3. Implement structured data across all of your pages to improve Google results--Edit the information about your site that Google displays by managing your structured data, also known as schema markup. This serves as a vocabulary that signals what should be shown in search engine results page (SERP) rich results. Schema markup was developed in partnership with several search engines so they can more easily interpret what sites offer. This also provides additional information to searchers about your business which makes them more likely to click through. The more information Google can see about your business the better it can match what you offer to what users are searching. Particularly for ecommerce and local businesses, schema markup is important to provide additional details right within the search results page, often resulting in multiple sub-pages being listed in the results. Test your structured data to find opportunities to optimize, which will not only improve your ranking, but improve the quality of the organic search traffic you get. 
  4. Remove interstitials and other barriers to entry--While it may be tempting to have a pop-up that collects users email addresses, that can weigh down the mobile experience. Google has updated its algorithm to penalize interstitial use, so it is clear they are promoting sites with good usability. In the event you do need an interstitial, be mindful about the amount of real estate it takes up on the smaller mobile screens. Additionally, make it easy for users to close the window and not have it pop-up on every entry to reduce the annoyance factor, and likelihood of penalty.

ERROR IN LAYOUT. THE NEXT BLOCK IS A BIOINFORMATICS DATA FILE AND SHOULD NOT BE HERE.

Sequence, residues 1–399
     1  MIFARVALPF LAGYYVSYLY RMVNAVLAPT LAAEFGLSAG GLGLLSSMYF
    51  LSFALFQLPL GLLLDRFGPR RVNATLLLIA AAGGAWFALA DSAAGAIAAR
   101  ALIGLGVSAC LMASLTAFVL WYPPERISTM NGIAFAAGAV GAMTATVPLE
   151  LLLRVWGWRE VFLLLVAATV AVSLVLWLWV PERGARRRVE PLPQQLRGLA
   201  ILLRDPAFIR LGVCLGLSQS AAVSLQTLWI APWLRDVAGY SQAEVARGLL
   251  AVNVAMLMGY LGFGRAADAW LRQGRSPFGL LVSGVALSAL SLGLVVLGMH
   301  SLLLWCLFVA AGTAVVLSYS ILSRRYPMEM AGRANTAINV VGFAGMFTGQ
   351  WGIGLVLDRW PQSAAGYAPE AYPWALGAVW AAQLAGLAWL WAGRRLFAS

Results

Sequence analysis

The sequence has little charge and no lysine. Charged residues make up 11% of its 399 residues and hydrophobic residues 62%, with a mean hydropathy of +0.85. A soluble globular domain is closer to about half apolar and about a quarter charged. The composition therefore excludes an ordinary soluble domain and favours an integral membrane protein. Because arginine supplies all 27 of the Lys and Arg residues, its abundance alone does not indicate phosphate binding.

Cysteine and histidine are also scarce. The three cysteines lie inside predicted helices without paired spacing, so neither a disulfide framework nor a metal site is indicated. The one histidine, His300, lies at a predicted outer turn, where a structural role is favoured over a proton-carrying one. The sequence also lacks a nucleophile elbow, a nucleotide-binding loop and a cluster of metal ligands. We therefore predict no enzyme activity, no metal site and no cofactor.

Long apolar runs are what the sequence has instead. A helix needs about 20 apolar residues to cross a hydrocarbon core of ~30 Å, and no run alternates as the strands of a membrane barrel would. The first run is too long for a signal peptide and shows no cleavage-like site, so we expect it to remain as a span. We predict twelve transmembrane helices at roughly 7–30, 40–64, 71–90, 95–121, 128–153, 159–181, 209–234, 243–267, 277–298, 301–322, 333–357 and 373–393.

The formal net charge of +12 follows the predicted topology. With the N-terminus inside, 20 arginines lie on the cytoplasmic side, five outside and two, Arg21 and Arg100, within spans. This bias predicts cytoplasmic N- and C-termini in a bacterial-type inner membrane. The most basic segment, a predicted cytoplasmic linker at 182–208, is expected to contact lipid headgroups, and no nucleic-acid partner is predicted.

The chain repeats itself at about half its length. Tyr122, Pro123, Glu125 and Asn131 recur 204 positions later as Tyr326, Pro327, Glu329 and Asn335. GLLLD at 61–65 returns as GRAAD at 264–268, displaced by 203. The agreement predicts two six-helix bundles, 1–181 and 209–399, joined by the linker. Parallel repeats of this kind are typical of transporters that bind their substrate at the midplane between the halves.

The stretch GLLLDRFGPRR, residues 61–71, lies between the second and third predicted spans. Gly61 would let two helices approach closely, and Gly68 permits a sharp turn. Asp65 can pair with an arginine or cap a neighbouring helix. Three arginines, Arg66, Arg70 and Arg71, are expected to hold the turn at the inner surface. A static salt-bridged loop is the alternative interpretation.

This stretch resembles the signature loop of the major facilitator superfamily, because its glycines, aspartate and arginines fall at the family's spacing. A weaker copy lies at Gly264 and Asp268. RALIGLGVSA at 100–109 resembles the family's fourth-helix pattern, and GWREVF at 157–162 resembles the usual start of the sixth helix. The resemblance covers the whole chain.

5. Lastly, maximize usability on your mobile site to drive good user experience--Beyond just being sized for mobile and responsive to the device format, the design and content must easy to click and engage with regardless of the screen size. Many mobile sites fail to have proper spacing between elements, or have large enough elements that can easily be clicked. On a small screen, this can be a big hindrance to navigation, and experience. Google's mobile-friendly test tool is a great resource for assessing the overall usability of a mobile site, as it renders the page the way a user would actually see it and makes recommendations on how it could be improved. 

Taking a step back and looking at the underlying challenges your site may have in delivering a positive mobile experience will improve not only the way the Google algorithm interprets your site, and determines your rankings, but also create a much more functional site for users. While these tips and tricks apply directly to Google’s algorithm today, they are likely to drive increased success across other search engines as well.